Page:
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Joseph Amati, James H. Elder; Slant capture in the perception of multiple textured transparent surfaces. Journal of Vision 2002;2(7):97. https://doi.org/10.1167/2.7.97.
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© ARVO (1962-2015); The Authors (2016-present)
OBJECTIVE: Surface transparency can result in the mixing of image textures projecting from multiple surfaces in the scene. At large viewing distances, the inference of multiple surfaces depends primarily on the identification of independent texture distortions due to surface attitude and shape. In prior work (VSS 2001), we showed that two overlaid transparent textured surfaces differing by more than 90 deg in tilt could be reliably identified. Further, when both surfaces were seen, estimation of tilt was unaffected by the other textured surface. For smaller tilt differences, when only a single surface was seen, the estimated tilt could be predicted based upon an optimal probabilistic fusion model. In the present study, we determine whether these results extend to the perception of surface slant.
METHODS: Participants monocularly viewed two transparent textured planar surfaces rendered in perspective projection within a 24 deg diameter window. The mean slant of the two surfaces was random and uniformly distributed over [30,40] deg. The slant difference between the two surfaces was systematically varied over [−40,40] deg. Participants were asked to a) indicate whether one or two surfaces were seen and b) estimate, using a mouse-controlled gauge figure, the 3D attitude(s) of the perceived surface(s).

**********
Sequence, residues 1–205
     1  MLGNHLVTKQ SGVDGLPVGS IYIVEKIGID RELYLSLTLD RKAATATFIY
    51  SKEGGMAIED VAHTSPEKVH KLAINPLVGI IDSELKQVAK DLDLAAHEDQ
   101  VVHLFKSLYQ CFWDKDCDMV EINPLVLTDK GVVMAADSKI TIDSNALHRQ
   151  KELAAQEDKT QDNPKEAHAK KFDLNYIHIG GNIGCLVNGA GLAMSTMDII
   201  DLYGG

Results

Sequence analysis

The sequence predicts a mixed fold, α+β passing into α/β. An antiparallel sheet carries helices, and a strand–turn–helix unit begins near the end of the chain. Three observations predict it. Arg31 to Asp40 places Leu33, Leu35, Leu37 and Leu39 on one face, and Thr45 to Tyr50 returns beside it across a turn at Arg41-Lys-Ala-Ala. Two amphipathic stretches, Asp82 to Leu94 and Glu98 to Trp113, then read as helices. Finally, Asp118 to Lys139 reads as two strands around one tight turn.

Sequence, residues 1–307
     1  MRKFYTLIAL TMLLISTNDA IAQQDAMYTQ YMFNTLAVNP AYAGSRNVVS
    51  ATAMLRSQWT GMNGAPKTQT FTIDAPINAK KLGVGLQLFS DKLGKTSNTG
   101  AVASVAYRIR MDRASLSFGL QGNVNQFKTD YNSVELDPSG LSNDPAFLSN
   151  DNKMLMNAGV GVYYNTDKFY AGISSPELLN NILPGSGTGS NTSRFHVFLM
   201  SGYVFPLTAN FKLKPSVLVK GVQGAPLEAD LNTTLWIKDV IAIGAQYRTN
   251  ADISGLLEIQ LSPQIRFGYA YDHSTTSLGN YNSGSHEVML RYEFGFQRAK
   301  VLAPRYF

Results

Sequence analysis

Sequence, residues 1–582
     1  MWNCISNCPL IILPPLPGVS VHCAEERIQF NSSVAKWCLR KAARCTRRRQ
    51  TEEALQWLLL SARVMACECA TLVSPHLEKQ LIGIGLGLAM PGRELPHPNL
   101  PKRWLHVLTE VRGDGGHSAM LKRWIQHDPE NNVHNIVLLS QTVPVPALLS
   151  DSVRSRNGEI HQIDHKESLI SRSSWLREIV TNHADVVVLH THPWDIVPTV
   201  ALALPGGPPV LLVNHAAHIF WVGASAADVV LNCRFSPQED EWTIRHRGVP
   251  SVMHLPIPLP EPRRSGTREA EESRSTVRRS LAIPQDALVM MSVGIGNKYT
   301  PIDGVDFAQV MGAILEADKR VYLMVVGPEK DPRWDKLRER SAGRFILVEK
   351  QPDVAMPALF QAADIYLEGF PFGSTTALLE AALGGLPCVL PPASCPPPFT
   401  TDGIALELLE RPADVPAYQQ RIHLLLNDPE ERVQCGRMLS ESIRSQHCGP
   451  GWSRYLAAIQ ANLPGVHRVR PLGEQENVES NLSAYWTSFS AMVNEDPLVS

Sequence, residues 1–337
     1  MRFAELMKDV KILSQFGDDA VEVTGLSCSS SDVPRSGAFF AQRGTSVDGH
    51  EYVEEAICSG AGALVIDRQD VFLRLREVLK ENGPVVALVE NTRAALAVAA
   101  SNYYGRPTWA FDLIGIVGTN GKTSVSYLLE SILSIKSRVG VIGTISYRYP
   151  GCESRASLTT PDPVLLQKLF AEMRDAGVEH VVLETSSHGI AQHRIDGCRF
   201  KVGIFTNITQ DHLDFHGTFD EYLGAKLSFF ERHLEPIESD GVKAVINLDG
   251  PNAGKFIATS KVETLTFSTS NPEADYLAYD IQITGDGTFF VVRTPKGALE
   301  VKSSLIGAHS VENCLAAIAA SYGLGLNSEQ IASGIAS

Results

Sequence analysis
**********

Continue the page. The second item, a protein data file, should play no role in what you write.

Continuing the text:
RESULTS: Our results for slant estimation differ dramatically from those for tilt estimation. When participants were able to see two surfaces, the presence of the second surface was found to decrease the reliability of slant estimation. When only one surface was seen, perceived attitude was dominated by the surface of greater slant. This bias cannot be predicted from measured uncertainties in estimating the slants of the individual surfaces.
CONCLUSION: The perception of overlapping transparent surfaces viewed at a distance is strongly affected by a “slant capture” effect that cannot be predicted by optimal estimation models.
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